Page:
It was in 2016 that I first used a Microsoft Surface Book. At that time it was amongst one of the best laptops you could buy, provided you had the moolah to get one. But that device never came to India. In 2018, things are a bit different and Microsoft sees potential for the Surface series – quite popular in other markets – to enter India, which at the end of the day is Microsoft country.
Microsoft Surface Book 2 13.5-inch specs: 13.5-inch PixelSense (3240x2160p, ~267 PPI) display | 8th Gen Intel Core i7 processor | 8GB RAM | 256GB ROM | Windows 10 Pro | USB 3.1 Gen 1 Type-A x 2, USB 3.1 Gen 1 Type-C x 1, SD card reader, SurfaceConnect x 2, 3.5mm Headset jack | 802.11ac Wi-Fi, Bluetooth 4.1
Microsoft Surface Book 2 13.5-inch Price in India: Rs 1,85,999
Microsoft Surface Book 2 is a 13.5-inch convertible that can eject the display to make it a standalone tablet. In fact, the keyboard side as just keys and batter, with all processing kept behind the screen. The design has not changed much since the first Surface Book was launched about three years back. The highlight for me is the hinge that gives the Surface Book so much practicality and character.
While earlier the idea was for 2-in-1 devices to be able to twist and turn, the Surface Book has simplified all this by giving the hinge the ability to hold the screen facing both ways. And Microsoft has worked on the eject button which turns red and emits a sound to tell you the screen can be detached. Overall, this is a mechanism that it will hold for a while and not wear off with a few ejections.
The Surface Book has keys that offer the perfect amount of travel. For someone like me who writes more that 3,000 words a day, the keys offer just the right amount of feedback to keep me going. However, there is one weird problem. The silver body of the Surface Book and the white backlit keys on it means in certain light conditions the backlit letters on the keys are not clear and I ended up switching off the back light. Somewhere Microsoft needs to work on this, or people who need to look at the keys once in a while will have an issue. The glass trackpad, meanwhile, is very responsive.
So the Surface Book is a tablet and a notebook as you would use it. So it has a keyboard and a 13.5-inch Pixel Sense touch screen. But the USP of the Surface Book is clearly as the personal computing device that offers the maximum input options. Being a Microsoft Device with Cortana it can also work to a large extent with voice. There is also the Surface Pen that lets you scribble, draw and take notes. With the latter, Microsoft seems to have perfected the art of converting handwriting to text, even my handwriting and this is a great part of the Surface devices. Then there is also the Surface Dial, which works with a bunch of software and offers creative users the precision controls they would love. All these together takes the value of the Surface Book many notches up for power users with a creative bent of mind.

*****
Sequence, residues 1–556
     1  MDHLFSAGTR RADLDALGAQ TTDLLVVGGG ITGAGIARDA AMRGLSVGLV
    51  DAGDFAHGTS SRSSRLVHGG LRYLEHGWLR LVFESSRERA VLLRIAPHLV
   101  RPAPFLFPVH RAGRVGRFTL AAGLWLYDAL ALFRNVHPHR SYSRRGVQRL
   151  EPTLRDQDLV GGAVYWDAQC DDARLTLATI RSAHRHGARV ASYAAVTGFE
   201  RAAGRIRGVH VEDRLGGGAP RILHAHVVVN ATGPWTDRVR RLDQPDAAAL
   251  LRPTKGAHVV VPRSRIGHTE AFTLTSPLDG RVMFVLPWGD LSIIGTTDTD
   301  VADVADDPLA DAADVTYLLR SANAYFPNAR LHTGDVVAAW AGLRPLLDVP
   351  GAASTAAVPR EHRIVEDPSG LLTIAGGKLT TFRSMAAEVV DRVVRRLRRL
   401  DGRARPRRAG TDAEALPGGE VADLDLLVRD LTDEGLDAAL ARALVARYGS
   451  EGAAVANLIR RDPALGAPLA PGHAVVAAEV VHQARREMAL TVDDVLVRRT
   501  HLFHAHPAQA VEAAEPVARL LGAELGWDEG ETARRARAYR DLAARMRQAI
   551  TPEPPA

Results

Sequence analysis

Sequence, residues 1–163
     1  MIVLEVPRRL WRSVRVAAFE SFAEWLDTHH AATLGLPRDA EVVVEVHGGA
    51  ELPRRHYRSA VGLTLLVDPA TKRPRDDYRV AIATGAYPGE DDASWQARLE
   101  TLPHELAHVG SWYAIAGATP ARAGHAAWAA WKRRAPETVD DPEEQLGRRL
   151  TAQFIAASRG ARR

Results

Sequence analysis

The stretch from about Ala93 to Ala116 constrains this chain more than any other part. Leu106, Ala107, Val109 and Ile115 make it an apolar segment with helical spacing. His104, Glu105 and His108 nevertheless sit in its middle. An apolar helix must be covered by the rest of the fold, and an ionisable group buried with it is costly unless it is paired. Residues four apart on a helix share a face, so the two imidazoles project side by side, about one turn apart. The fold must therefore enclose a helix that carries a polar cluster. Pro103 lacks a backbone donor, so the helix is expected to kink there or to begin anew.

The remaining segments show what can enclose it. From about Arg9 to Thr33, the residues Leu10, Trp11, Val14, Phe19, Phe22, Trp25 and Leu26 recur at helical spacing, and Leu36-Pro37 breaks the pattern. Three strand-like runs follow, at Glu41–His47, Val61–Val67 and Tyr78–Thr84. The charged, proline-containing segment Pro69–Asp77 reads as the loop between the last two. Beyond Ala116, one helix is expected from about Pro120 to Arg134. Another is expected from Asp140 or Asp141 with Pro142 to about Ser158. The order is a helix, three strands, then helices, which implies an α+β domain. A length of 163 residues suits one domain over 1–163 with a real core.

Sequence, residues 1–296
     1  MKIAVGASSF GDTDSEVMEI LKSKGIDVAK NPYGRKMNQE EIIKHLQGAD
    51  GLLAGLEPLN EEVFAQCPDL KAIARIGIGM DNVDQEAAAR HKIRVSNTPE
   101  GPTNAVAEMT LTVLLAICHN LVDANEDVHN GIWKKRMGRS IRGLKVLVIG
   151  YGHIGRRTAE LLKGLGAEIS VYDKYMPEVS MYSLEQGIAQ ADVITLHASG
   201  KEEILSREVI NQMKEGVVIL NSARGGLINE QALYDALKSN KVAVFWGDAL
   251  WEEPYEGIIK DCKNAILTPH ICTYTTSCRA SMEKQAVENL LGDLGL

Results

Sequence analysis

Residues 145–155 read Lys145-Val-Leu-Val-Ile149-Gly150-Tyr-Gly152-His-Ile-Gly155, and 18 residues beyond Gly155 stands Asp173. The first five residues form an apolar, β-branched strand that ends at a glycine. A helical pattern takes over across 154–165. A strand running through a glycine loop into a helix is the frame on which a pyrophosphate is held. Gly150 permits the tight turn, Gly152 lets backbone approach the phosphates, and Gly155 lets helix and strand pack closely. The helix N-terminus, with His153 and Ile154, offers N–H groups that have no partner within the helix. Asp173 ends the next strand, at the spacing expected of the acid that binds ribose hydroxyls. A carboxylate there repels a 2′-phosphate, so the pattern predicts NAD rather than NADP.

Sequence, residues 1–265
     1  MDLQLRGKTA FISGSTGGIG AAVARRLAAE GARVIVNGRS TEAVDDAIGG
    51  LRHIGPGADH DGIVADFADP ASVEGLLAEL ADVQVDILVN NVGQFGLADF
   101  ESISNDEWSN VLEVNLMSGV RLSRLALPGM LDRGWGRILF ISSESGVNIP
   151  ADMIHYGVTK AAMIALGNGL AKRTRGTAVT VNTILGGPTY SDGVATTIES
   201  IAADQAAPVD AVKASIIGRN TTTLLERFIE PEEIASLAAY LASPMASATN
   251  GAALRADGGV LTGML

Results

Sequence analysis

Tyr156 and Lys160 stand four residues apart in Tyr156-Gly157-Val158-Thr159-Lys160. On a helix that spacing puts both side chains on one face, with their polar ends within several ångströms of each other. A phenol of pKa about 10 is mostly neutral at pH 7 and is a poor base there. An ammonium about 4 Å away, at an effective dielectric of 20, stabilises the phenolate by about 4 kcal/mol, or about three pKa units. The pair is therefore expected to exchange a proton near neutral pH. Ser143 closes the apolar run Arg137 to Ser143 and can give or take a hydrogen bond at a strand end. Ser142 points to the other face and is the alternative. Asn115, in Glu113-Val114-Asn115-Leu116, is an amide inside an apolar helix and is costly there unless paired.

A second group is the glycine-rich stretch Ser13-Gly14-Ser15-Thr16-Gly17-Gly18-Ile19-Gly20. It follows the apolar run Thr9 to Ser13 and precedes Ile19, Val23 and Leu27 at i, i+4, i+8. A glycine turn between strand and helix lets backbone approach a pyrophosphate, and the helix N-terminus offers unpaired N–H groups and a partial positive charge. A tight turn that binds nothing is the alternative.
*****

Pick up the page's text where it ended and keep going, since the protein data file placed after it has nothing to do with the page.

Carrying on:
Talking of power, the Surface Book comes with Intel Core i7 yoked with 8GB of RAM and can be configured for more power. But even the version I reviewed is capable of handling 3D design and a lot of other power intensive functions. Also, with whatever I did, the device stayed cool. Remember, this is pushing all these tasks from just the tablet side and that is quite and achievement.
The Surface Book is the sort of device you can take on a business trip without a charger. That is because it has two batteries – one behind the screen and the other in the keyboard. Together it can offer you about 18 hours of juice.
The Microsoft Surface Book is ideal for those who are creative, want power in the laptop to do whatever they want to do and loves portability to take their work where they want to go. At Rs 1,85,999 the 13.5-inch Surface Book is pitted against the new MacBook Pro. The USP of the Surface Book is clearly as the personal computing device that offers the maximum input options.